Switching workouts

Post questions and tips on measuring athletes' abilities and skills, on making short- and long-term plans, on training cycles and on periodization.

Switching workouts

Postby quicksylver3 » Oct 25, 2005 02:41

I know you arent supposed to stick to one routine forever, but how do you switch up strength exercises? Aren't squats and deadlifts supposed to be done constantly in a workout routine? Or should you work them for a couple months and then trade them out? Do you vary from bodyweight exercises in high reps to maximum resistance low reps? How does this work?

Thanks in advance!

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Postby dragon » Oct 25, 2005 05:43

As long as the workout is still productive i see no reason to change it.Even though the exercises remain the same,cycling the workload is still changing the way you work out(for example,once you reach your PB,dropping the weight slightly and working up to a new PB).
If you do want to change your routine you can substitute squats for conventional deadlifts,bench press for dips,miltary press for side press,etc.
The same muscles are getting worked with the same set/rep scheme but the exercises are slightly different.

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I see

Postby quicksylver3 » Oct 26, 2005 02:32

Ok, I understand. I was under the impression that you actually had to change the workouts you were doing to constantly improve. I read the column about supercompensation and thought it meant you can only improve in a certain lift for a certain amount of time. But it makes sense that it affects you differently when you change the sets/reps. Thanks again!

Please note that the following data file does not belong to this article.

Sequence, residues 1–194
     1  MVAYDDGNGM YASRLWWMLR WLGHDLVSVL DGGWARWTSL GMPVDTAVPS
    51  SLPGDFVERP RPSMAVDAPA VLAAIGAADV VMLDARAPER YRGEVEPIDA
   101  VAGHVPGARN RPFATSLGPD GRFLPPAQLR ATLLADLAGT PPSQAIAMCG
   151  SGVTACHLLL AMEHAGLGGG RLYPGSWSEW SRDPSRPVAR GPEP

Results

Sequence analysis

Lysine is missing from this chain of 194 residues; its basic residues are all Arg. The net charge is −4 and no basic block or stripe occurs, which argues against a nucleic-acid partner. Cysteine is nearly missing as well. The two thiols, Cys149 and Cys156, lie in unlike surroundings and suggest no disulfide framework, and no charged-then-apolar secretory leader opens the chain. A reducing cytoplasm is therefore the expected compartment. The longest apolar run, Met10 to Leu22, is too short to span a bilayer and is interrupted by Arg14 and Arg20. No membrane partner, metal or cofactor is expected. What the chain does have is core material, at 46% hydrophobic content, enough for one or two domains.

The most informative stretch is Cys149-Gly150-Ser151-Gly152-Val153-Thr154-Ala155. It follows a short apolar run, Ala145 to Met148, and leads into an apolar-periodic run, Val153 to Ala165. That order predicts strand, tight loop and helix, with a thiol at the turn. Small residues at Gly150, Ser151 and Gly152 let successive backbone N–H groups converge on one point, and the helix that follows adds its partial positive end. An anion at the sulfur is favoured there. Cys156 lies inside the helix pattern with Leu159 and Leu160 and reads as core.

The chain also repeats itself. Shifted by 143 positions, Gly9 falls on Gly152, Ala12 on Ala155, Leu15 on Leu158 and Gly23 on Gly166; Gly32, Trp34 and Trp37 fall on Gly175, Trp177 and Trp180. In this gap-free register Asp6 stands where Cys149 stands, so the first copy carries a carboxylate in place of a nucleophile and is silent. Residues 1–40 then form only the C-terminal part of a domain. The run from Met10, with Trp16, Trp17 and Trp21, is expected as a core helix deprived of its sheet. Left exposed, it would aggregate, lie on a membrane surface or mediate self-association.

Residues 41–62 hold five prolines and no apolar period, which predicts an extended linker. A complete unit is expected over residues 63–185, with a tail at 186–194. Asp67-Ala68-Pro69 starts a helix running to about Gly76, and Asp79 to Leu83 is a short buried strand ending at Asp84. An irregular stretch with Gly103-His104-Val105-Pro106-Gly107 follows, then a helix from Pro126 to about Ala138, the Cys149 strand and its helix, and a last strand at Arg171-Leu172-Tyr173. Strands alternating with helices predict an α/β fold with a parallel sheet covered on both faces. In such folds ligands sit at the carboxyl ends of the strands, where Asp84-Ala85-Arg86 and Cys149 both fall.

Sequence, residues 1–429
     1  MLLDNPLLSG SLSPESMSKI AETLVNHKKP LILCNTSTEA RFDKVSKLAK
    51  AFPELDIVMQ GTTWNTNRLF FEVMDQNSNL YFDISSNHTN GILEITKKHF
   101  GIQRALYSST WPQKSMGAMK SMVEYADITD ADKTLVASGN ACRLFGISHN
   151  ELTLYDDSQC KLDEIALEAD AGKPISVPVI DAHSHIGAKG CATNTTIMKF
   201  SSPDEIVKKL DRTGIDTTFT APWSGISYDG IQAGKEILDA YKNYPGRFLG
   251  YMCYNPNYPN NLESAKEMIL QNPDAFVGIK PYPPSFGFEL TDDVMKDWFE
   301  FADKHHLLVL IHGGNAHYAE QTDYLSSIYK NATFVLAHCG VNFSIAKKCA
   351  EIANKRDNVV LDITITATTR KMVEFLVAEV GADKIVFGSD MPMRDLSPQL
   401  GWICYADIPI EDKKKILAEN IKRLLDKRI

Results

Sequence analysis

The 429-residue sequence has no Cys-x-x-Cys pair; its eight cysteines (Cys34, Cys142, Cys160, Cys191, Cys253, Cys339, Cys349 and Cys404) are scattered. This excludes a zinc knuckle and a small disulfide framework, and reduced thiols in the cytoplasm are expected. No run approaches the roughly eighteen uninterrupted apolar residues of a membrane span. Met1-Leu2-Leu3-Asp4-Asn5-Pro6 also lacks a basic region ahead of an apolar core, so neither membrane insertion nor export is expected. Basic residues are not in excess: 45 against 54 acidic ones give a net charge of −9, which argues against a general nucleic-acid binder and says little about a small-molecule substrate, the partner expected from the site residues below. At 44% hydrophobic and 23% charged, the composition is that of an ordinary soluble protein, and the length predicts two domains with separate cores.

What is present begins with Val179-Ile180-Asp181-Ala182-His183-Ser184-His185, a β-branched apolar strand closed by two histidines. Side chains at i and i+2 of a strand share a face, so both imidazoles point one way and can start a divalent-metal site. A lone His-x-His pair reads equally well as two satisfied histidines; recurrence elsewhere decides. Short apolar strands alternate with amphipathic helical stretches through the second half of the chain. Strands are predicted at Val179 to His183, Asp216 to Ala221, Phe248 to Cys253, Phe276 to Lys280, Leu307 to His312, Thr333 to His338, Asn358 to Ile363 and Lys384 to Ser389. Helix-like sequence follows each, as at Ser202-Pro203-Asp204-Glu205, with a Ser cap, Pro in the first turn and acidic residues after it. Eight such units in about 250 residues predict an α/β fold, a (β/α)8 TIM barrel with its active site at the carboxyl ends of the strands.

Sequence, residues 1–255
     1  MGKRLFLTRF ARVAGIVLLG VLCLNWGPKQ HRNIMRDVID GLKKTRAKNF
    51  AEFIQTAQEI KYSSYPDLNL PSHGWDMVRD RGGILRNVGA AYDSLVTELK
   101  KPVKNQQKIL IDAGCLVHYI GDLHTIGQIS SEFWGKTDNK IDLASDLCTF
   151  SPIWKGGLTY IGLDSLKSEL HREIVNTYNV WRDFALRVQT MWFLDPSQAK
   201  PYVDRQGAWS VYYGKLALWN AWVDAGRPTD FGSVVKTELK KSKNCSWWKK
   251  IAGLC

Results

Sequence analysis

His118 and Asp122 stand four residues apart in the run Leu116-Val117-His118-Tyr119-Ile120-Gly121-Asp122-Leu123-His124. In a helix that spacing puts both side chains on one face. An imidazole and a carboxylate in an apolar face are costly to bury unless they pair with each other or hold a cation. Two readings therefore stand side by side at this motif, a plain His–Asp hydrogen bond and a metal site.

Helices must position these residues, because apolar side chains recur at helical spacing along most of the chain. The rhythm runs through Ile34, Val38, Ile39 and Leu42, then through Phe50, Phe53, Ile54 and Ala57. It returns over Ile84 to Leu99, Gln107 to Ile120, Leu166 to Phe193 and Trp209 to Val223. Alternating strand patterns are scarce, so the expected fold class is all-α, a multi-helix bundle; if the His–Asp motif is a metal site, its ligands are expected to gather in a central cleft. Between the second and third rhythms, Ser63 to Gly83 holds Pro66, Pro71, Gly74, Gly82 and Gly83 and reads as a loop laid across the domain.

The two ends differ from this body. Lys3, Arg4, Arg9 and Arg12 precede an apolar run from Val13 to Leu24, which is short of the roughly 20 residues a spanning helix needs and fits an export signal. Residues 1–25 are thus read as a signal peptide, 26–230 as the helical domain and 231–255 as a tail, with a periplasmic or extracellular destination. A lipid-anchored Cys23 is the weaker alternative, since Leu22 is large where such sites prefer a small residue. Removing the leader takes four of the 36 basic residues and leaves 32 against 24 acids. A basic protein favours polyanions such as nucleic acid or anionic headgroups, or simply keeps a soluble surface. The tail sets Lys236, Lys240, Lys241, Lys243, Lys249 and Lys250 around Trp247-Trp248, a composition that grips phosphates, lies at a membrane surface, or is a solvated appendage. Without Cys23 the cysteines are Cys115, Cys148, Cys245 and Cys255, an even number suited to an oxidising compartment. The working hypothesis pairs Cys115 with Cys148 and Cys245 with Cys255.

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Postby mmeloon » Oct 29, 2005 18:08

There are lots of ways you can switch things around. Dragon already mentioned using squats one cycle and then deadlifts the other. I think that is a great suggestion. I think it would be difficult to do both squats and deadlifts in a single cycle anyhow if you are also attending your MA classes.

Even if you want to stick with squats, there are plenty of ways you can vary those. Change the placement of the bar from the traditional "high-bar" style to lower on the back like the powerlifters do. Change the stance from shoulder-width to a wider one. Do full (rump-to-heels) squats one cycle and then half (tops of legs parallel to the ground) squats for the next cycle. Ever do "band squats"? You buy yourself some heavy-duty elastic bands and loop them over the ends of the bar. This makes the resistance change during the course of the lift. Near the bottom, the resistance is almost nothing. As you reach the top of the motion, the bands are stretched and the resistance increases dramatically. You can do those with an explosive start out of the bottom position (go down slowly for safety but blast out of the bottom position hard).

There are plenty of interesting variations you can do for many of the compound exercises. Obviously, there aren't too many different ways of doing pec dec, but isolation exercises like that probably aren't worth doing anyhow.

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Switching workouts

Postby R19Rek » Dec 11, 2014 22:31

I had a trainer with knowledge of skating put together a simple set of workouts for me... lunges, squats, dips, arm work, bridges, etc. It was worth it. Also, my physio gave me some good pylometrics sp?? with jumping on one leg down from one height and up to another, one leg extensions, etc.
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